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#1 AL9000

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Posted 10 October 2008 - 06:11 AM

Hi all, a labjack and forum newbie here. Just wondering if any of you guys have used e-prime with the labjack, as i need to send signals from e-prime to labjack and then to plato spectacles. Thanks in any case.

#2 LabJack Support

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Posted 10 October 2008 - 09:28 AM

Never heard of it. Appears to be software for psychology experiments. I could not find a user's guide or other extensive documentation, without registering anyway. It is Windows software, so the most likely way of interfacing with a U3/UE9 would be through our LabJackUD DLL driver. The question would be if there is a way for you, in e-prime, to make calls to a Windows DLL. Another possible option is to use direct low-level calls over TCP with the UE9, if e-prime has basic TCP support.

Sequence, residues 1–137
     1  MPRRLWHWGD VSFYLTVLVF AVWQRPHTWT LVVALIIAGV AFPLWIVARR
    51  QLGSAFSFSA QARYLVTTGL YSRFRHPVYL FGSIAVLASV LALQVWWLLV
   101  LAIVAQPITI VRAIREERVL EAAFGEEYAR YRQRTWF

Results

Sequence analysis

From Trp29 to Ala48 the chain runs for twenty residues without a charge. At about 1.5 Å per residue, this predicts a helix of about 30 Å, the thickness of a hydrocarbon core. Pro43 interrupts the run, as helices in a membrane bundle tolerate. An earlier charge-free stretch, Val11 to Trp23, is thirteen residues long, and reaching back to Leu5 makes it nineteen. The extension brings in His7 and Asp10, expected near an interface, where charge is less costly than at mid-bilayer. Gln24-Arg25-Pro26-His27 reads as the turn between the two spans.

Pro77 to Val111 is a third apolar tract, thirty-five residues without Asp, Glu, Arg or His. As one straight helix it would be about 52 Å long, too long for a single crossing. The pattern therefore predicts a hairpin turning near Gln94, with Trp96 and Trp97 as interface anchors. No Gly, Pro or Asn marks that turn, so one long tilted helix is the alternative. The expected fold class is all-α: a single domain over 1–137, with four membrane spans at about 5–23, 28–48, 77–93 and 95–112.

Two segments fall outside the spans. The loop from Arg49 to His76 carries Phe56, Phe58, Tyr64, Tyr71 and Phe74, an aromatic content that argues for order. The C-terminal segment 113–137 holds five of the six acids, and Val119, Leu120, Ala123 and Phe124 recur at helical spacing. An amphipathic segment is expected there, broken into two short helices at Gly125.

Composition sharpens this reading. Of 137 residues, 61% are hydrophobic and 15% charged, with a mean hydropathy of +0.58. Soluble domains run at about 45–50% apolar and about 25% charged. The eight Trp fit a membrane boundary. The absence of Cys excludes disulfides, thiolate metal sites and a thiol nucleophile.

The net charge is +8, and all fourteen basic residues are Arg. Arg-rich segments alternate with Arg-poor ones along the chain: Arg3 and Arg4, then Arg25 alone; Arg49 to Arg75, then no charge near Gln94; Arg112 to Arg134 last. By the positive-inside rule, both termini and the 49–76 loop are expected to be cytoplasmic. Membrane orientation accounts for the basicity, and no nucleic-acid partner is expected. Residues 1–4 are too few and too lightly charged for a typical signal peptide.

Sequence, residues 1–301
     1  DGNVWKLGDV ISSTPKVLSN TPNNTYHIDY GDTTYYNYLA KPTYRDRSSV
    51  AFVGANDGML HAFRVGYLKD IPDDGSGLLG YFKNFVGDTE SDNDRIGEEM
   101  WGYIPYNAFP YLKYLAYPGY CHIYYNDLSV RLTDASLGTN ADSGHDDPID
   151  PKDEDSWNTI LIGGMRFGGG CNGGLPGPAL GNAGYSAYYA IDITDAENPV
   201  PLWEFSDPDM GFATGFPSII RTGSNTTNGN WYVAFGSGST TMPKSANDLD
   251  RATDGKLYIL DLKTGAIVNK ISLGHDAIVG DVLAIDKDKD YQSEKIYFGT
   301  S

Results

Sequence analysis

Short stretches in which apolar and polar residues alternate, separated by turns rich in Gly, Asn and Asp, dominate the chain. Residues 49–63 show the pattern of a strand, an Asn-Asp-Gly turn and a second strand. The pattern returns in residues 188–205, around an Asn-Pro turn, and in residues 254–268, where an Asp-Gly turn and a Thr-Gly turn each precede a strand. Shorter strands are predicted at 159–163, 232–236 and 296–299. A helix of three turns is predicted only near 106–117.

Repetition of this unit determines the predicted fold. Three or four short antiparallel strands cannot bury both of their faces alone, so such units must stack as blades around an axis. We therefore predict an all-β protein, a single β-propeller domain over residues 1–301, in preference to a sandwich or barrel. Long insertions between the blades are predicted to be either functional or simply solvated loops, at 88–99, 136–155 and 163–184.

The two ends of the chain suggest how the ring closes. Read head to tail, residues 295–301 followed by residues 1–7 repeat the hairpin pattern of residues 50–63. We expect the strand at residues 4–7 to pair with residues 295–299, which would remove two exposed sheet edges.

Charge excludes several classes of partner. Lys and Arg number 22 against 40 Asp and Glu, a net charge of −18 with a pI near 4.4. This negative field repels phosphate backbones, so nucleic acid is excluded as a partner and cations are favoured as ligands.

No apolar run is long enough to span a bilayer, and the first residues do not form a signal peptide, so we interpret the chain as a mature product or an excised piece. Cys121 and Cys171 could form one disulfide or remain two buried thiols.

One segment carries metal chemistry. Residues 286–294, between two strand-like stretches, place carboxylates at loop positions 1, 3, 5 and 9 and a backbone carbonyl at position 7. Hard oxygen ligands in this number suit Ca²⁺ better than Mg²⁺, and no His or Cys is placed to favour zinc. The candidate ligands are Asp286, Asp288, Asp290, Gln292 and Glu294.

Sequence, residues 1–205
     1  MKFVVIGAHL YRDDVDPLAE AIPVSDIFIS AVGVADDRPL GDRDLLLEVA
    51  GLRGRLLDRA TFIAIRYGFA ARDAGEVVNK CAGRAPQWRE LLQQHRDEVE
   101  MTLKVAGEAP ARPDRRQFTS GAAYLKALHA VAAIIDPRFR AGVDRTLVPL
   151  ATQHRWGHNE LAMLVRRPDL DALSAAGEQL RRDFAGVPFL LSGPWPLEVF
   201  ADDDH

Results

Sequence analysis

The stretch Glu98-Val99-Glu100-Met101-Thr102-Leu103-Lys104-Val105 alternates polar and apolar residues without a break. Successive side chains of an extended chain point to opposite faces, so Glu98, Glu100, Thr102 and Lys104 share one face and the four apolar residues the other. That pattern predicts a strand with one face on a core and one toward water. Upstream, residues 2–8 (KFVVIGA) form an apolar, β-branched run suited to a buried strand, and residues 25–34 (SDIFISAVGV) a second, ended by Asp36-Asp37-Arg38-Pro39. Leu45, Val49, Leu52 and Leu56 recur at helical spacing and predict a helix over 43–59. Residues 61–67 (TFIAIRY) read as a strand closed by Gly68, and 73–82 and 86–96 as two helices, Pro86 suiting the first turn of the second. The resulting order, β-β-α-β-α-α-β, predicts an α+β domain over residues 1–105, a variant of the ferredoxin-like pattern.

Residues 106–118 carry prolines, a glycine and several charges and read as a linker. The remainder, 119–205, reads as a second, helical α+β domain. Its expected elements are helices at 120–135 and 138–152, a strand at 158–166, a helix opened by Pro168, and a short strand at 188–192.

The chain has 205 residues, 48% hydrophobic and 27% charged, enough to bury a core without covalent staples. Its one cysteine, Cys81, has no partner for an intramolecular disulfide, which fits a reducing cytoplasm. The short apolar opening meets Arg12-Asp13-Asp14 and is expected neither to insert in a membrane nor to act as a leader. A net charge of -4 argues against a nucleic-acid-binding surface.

#3 plerkaram

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Posted 27 May 2011 - 08:52 AM